Woe to mankind, woe to our German nation if God’s Holy Commandment ‘Thou shalt not kill,’ which God proclaimed on Mount Sinai amidst thunder and lightning, which God our Creator inscribed in the conscience of mankind from the very beginning, is not only broken, but if this transgression is actually tolerated and permitted to go unpunished.
This opposition slowed the pace of the Nazi euthanasia programme and is undoubtedly an example of Christian witness that Lewis would have admired.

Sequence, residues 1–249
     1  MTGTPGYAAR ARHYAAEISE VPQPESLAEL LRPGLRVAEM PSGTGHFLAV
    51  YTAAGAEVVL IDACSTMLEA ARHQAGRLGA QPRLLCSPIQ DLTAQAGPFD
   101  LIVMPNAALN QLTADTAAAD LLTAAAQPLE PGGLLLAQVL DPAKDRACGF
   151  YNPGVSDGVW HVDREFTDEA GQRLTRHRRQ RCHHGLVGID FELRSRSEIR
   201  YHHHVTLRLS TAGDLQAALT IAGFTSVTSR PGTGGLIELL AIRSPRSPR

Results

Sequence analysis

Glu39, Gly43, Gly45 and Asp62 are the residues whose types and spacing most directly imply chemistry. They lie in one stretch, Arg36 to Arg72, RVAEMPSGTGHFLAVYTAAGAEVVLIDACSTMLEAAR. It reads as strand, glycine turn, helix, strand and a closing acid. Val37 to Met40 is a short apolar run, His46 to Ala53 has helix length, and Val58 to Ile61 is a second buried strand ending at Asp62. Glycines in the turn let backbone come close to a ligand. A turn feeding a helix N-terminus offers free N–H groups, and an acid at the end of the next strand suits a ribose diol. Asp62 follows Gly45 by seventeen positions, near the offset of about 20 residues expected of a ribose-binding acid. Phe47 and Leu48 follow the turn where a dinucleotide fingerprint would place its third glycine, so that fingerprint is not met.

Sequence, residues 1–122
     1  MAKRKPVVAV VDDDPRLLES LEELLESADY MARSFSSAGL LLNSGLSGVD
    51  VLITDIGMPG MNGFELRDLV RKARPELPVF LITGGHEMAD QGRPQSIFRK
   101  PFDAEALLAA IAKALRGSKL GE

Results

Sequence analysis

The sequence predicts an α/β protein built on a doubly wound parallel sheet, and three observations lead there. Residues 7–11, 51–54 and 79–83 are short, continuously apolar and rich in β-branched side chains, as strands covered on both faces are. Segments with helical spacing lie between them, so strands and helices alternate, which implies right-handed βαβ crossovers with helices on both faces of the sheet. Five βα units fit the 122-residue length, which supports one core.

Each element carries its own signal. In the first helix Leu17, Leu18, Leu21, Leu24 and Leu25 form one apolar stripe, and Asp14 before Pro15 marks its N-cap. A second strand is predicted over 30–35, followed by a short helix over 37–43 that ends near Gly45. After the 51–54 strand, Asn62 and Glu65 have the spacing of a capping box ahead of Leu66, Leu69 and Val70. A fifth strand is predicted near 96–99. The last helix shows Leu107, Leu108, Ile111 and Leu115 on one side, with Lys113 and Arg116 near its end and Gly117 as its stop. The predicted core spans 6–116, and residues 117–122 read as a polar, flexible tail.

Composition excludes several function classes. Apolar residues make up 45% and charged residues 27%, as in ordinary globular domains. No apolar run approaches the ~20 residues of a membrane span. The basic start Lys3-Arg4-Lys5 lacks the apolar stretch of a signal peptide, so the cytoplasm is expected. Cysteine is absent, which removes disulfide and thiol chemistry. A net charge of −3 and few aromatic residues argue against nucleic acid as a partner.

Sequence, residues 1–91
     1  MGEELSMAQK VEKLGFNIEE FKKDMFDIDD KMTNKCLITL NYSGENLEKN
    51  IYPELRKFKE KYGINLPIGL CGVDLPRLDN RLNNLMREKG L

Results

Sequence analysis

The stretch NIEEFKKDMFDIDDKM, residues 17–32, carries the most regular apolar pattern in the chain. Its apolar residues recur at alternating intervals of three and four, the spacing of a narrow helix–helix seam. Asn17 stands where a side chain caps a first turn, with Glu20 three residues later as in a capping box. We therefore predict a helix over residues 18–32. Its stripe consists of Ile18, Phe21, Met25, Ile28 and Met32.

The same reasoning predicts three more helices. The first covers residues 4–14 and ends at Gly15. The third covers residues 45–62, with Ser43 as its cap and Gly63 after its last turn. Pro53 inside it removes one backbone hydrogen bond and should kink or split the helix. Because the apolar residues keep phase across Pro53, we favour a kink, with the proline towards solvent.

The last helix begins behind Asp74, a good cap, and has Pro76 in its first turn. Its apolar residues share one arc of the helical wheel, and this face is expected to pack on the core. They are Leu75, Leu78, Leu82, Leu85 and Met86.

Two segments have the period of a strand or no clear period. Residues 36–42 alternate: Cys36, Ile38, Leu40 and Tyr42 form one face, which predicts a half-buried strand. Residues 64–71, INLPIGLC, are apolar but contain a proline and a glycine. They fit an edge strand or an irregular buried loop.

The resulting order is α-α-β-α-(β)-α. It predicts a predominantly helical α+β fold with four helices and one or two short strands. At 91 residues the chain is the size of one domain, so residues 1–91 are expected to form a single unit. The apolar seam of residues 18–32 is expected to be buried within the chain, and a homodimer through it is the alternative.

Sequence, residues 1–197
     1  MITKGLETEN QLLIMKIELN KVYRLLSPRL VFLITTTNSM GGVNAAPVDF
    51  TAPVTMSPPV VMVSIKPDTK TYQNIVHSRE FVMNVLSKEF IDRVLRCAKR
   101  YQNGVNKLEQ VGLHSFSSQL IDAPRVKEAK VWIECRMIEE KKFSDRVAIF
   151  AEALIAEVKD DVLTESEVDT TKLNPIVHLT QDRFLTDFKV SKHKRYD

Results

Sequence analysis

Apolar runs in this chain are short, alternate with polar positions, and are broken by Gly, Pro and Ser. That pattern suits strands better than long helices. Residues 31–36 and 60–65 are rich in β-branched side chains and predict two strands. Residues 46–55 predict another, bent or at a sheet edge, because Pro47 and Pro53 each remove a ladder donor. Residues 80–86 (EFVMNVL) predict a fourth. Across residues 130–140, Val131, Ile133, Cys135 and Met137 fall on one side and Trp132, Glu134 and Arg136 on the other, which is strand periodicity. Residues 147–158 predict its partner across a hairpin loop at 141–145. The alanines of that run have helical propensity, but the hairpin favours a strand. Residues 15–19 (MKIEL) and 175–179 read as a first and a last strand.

Welsh historiography has been somewhat silent about the evidence. Stradling comments on the lack of attention the question of Plaid’s alleged complicity with fascism has received in major historical works. Generally speaking an objective examination of this controversy has been overshadowed in historical literature by the miners participation in the Spanish Civil War, the activity of the BUF in Wales, and then the 1943 by-election between Lewis and WJ Gruffyd. This is significant, for the whole question ‘was Plaid Fascist?’ would surely have attracted wider attention if the accusation had a plausible empirical basis. After all Lewis, and even more so Plaid, has had a seminal influence on British political thought through the rediscovery of Britain as a Union of nations. Williams argues that Richard Wyn Jones’ book is an attempt ‘to re-present Lewis as merely a romantic conservative deserving of rehabilitation in a political context where a post devolution Welsh Labour Party needs potential coalition allies to form a government’. Of course there has already been a Lab-Plaid coalition in the One Wales government (2007-11). Would Labour really have co-operated with Plaid if it thought it had a fascist heritage? And if scholars really suspected that a party of government had embedded fascist proclivities, would this not receive attention? Again silence implies a lack of evidence.